A FULLY INTEGRATED MODEL OF INTERDEPENDENT PHYSICAL AND SOCIAL INFRASTRUCTURE SYSTEMS

Published: July 11, 2019

Author(s)

Bruce Ellingwood, John W. van de Lindt, Therese P. McAllister

Abstract

While many definitions of resilience can be found in the literature and in policy statements, common to these definitions is the notion that resilience is the ability to prepare for and adapt to changing conditions and withstand and recover rapidly from disruptions. Community resilience depends on the performance of the built environment and on supporting social, economic and public institutions which are essential for immediate response and long-term recovery within a community following a disruptive natural hazard event. The Center for Risk-Based Community Resilience Planning, headquartered at Colorado State University in Fort Collins, Colorado was established in 2015 by The National Institute of Standards and Technology (NIST) to advance the measurement science for understanding the factors that make a community resilient, to assess the likely impact of hazards on communities, and to develop risk-informed decision strategies that optimize planning for and recovery from natural hazard events. Research in the first few years of the Center has laid the groundwork for subsequent advances in community resilience science and implementation.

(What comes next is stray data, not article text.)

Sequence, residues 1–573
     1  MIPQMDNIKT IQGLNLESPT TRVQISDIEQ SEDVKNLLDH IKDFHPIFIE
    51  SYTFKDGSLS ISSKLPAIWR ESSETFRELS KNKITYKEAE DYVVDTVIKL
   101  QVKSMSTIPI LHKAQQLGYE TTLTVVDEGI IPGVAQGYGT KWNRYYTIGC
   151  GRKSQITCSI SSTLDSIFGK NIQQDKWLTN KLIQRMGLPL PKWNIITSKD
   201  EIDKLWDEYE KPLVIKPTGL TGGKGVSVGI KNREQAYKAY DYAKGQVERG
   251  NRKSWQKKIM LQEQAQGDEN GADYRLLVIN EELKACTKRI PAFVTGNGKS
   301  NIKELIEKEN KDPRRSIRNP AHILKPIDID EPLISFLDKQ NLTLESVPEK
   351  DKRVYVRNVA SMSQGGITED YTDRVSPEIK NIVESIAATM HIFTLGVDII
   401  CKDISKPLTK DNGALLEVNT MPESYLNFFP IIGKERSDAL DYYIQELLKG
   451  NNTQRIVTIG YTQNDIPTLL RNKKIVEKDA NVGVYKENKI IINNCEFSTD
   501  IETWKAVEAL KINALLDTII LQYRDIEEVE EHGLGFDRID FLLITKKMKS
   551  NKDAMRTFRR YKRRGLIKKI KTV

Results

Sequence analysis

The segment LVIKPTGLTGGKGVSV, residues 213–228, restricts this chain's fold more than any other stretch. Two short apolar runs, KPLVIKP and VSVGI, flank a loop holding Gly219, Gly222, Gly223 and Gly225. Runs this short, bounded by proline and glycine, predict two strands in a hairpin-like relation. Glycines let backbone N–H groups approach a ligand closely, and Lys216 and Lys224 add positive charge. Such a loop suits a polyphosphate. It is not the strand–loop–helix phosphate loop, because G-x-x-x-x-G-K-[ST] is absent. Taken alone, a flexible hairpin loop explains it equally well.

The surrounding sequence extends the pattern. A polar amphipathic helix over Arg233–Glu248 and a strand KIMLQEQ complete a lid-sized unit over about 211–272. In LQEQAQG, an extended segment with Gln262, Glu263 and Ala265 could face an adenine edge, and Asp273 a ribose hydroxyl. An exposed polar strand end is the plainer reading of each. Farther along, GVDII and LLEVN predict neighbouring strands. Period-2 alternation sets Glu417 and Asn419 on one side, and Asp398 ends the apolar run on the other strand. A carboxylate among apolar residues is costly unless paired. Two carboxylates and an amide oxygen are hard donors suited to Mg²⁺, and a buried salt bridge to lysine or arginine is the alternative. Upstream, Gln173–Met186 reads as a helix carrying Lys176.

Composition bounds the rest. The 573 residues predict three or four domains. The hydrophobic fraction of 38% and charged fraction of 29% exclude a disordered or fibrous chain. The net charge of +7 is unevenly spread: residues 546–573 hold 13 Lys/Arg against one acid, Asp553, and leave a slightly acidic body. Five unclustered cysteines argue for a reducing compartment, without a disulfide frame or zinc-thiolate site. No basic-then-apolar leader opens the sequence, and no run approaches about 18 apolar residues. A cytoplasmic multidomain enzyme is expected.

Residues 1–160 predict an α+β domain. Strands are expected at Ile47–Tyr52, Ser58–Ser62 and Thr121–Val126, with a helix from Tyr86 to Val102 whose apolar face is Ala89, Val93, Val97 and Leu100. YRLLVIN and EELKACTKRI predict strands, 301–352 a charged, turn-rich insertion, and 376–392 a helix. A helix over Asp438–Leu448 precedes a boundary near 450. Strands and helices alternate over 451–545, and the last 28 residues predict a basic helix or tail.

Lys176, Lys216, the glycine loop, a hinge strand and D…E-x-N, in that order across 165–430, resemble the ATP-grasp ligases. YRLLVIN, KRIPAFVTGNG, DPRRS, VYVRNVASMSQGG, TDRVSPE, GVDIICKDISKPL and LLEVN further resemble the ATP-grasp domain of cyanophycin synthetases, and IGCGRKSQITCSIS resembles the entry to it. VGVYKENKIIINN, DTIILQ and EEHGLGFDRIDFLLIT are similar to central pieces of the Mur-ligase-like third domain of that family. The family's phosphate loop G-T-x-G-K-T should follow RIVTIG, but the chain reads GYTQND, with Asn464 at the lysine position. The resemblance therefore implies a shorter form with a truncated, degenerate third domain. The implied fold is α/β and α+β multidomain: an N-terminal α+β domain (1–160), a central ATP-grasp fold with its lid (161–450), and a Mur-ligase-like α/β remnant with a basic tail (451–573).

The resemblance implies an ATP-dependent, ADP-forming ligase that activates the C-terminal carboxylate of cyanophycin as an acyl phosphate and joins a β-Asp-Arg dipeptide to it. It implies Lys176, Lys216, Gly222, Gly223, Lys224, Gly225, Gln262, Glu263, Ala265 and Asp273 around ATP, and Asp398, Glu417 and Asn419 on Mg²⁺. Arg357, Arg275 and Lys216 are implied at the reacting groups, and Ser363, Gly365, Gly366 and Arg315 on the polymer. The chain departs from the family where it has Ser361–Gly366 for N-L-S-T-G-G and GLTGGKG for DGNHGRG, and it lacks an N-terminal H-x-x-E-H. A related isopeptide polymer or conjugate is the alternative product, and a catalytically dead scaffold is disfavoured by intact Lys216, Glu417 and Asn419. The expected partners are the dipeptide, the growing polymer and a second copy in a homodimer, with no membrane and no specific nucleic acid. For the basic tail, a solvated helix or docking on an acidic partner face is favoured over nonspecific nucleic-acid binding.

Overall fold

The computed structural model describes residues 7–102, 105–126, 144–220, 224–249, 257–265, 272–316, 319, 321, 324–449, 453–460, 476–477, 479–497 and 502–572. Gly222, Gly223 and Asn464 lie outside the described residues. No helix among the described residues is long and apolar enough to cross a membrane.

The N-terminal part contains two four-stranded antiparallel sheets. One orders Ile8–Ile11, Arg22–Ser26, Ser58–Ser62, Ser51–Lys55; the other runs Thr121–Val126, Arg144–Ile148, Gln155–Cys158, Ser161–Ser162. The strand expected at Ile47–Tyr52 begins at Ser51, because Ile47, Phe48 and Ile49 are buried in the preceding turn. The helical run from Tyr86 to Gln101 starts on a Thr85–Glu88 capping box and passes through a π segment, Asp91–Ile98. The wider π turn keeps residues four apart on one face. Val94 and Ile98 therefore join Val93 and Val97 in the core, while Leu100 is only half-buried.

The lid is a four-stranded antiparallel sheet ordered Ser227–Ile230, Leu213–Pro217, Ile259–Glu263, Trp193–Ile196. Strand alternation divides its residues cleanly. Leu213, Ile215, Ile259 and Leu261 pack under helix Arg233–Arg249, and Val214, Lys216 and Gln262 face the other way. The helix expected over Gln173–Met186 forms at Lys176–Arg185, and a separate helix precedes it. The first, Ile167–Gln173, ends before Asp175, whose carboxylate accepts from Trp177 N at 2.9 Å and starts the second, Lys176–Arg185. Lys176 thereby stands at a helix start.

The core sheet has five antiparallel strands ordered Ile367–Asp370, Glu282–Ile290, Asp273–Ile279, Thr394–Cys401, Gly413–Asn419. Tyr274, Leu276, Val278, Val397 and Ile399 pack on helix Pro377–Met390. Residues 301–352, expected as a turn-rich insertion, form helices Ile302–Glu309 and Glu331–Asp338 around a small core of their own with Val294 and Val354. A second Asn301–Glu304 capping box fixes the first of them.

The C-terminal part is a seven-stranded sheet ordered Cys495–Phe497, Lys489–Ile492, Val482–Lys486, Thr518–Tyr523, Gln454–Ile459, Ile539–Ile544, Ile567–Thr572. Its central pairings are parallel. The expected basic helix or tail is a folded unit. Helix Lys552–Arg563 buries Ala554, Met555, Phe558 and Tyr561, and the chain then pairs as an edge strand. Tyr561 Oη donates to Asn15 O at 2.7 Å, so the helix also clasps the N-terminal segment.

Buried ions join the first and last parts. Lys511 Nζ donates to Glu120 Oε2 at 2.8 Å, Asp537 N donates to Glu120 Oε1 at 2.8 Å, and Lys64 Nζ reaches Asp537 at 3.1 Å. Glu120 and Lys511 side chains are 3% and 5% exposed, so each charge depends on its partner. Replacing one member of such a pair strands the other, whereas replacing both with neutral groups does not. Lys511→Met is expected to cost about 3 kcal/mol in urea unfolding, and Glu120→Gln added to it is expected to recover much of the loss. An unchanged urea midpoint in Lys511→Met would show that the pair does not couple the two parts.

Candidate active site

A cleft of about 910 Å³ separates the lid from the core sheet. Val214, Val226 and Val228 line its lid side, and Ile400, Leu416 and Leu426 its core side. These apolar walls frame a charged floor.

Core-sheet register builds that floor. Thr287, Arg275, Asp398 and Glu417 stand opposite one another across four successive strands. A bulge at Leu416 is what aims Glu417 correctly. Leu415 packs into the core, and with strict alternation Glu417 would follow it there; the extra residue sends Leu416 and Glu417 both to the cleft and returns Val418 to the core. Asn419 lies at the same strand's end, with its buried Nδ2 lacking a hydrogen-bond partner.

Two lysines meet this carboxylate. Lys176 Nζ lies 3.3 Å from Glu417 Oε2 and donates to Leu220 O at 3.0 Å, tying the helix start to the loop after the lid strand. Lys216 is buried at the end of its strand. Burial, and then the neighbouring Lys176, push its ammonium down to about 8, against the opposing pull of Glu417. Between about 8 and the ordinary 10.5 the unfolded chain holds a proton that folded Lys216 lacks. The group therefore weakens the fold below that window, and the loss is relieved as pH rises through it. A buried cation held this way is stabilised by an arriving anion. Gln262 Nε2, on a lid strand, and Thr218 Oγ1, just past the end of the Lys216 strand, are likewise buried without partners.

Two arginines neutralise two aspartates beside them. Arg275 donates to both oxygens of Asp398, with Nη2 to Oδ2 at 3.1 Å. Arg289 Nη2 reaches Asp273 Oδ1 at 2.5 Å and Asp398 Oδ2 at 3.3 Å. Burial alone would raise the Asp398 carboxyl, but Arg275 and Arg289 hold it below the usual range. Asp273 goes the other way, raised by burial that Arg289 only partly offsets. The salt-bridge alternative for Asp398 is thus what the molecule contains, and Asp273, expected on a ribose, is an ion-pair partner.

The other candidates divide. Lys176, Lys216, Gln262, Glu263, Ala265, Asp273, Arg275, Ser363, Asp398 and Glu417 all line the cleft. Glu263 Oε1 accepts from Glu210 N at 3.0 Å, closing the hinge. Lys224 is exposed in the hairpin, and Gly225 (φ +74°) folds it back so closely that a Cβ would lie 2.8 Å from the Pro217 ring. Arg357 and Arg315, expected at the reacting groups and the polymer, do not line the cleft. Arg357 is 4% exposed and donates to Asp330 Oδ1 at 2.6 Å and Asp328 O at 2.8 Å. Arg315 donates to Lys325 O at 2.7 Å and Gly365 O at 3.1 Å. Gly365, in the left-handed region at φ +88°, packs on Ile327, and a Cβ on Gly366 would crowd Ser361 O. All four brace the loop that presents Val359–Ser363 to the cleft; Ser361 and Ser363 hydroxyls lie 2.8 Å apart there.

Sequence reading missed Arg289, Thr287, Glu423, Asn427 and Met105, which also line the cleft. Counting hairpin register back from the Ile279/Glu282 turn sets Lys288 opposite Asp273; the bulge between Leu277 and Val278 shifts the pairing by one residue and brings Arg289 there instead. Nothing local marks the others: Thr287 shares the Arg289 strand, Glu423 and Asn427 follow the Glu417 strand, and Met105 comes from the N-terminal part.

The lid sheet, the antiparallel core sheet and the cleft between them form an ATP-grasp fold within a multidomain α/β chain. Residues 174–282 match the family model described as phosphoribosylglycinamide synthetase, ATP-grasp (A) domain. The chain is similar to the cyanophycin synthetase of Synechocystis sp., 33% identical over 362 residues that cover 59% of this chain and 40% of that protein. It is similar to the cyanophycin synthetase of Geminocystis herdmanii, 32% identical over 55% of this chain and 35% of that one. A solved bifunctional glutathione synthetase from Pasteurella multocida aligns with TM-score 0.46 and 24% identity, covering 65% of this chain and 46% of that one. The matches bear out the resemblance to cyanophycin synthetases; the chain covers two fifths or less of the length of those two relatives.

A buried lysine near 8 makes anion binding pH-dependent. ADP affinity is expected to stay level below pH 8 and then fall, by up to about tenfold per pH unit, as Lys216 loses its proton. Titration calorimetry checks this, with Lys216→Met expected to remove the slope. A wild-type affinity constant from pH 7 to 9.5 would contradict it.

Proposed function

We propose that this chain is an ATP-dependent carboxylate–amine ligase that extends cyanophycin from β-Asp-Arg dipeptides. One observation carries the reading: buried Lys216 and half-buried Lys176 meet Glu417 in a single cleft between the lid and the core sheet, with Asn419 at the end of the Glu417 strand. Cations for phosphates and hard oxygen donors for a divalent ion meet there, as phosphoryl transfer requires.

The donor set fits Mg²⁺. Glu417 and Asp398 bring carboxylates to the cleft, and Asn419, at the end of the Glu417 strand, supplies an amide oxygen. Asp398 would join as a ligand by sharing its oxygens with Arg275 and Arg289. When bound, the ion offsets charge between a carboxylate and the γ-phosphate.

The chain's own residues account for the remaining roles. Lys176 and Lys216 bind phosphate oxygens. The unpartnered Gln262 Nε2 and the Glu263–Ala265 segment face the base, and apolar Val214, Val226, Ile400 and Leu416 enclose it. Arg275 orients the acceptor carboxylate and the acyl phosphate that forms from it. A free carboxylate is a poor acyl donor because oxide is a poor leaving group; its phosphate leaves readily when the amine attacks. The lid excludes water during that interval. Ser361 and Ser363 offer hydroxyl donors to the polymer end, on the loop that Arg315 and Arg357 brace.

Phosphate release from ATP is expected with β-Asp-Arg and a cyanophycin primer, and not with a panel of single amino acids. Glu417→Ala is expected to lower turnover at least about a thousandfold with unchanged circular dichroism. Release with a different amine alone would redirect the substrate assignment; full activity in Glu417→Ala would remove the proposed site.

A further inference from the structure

Citation: The Bridge
Pub Type: Journals

Keywords

Community resilience, Civil infrastructure, Natural hazards, Risk-informed decision, Risk mitigation.
Created July 11, 2019, Updated August 12, 2019